Nelson said that WPP's almost £1bn bid would be "more innovative, more imaginative, more client-oriented than a merger of TNS and GfK".
In an interview with Research Magazine, she said: "My first impression was that the men in grey suits are winning out. This is the accountants at work. It isn't the best thing for a market research company."
Nelson, who is now executive chairman of mobile and youth specialist Q Research, said that Sorrell could turn around a business that was currently languishing and that lacked research expertise on its board.
Nelson told Research Magazine: "What Sorrell has, unlike anyone else I know, is the ability to bring companies together, and in particular ad hoc research companies.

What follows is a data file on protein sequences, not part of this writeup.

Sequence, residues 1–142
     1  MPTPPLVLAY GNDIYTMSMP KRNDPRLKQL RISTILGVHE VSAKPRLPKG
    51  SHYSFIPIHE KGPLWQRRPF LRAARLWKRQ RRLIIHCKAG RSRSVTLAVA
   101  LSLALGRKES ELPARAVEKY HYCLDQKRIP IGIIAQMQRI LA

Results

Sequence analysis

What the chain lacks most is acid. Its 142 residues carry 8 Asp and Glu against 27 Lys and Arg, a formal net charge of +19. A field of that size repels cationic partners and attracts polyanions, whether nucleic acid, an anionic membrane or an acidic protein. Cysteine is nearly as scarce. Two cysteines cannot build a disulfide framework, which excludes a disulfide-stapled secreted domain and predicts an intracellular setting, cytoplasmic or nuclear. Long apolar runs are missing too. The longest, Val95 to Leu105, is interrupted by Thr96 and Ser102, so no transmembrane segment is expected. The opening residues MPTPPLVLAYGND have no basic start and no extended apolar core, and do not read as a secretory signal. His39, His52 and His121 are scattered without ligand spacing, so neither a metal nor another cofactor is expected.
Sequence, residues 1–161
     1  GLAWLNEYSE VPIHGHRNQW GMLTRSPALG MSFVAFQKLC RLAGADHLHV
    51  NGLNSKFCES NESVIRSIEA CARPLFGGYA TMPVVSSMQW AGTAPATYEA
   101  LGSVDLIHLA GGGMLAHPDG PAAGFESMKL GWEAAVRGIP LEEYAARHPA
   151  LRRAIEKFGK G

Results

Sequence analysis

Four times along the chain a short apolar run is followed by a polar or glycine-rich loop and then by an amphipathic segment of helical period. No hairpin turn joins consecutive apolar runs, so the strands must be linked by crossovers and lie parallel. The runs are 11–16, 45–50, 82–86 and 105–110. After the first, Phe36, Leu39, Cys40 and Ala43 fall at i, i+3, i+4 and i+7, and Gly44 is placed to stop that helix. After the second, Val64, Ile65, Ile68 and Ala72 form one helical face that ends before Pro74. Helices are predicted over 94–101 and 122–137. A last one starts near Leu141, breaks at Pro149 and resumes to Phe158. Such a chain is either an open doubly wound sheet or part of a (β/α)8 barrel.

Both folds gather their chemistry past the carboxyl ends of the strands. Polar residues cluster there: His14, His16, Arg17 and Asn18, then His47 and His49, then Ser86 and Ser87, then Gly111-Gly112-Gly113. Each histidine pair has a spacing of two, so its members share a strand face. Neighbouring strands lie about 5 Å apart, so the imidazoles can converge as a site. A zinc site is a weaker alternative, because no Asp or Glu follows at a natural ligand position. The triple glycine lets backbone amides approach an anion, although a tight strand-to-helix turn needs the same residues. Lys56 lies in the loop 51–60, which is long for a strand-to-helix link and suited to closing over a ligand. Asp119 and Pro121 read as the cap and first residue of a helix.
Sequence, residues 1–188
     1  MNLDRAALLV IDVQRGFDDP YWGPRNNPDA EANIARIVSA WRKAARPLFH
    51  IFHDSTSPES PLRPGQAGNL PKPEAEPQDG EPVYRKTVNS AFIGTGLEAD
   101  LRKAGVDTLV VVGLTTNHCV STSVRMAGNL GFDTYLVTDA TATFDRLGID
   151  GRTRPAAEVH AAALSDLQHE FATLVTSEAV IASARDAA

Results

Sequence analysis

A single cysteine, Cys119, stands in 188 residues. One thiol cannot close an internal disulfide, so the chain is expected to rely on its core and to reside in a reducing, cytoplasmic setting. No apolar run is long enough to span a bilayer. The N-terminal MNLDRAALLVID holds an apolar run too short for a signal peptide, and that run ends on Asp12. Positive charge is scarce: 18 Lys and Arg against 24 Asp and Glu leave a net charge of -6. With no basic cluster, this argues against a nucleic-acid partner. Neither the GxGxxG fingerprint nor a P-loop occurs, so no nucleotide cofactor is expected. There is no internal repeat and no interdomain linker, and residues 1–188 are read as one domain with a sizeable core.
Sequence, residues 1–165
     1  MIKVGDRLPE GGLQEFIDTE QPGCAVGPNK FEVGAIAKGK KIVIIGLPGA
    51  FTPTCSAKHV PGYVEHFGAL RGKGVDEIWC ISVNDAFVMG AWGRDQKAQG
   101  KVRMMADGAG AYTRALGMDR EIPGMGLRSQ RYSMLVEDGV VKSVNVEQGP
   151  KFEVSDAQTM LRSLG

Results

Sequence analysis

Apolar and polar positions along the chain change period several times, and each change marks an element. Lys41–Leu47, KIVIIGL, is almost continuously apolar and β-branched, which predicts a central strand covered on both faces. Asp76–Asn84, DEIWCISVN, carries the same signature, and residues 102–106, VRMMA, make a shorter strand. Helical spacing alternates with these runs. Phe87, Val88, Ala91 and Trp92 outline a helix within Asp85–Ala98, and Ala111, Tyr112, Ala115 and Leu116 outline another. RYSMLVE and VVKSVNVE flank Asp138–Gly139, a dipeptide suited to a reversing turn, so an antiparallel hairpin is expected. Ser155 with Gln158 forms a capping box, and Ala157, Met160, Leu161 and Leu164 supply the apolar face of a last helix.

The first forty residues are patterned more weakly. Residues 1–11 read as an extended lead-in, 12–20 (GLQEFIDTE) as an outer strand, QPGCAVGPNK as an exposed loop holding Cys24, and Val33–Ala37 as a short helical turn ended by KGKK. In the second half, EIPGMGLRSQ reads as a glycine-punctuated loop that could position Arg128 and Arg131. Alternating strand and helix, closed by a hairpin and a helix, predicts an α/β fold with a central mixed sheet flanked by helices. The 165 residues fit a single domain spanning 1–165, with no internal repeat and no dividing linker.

"It's an art -- there's an awful lot of skill in putting companies together, and Sorrell has that ability.
"Sorrell in my experience has consistently spotted talent, and there is a lot of talent left in that organisation.
"Martin's wanted TNS not for 10 but for over 20 years because he knows the people, and good on him."
The former executive at the market research firm left 16 years ago and no longer has any significant holding in the firm, but her name still remains above the door and her comments are likely to sting.
Meanwhile, Sorrell is considering his options about what course of action WPP will take next. It has already made two bids, the last of which was for £996m.
Sorrell told the FT: "There's a 30% probability we walk; a 30% probability we stay; a 30% probability we might go up and a 10% chance we go hostile.
"Liz is a founder, has her name over the door, and, as a result, has the future of the business at heart."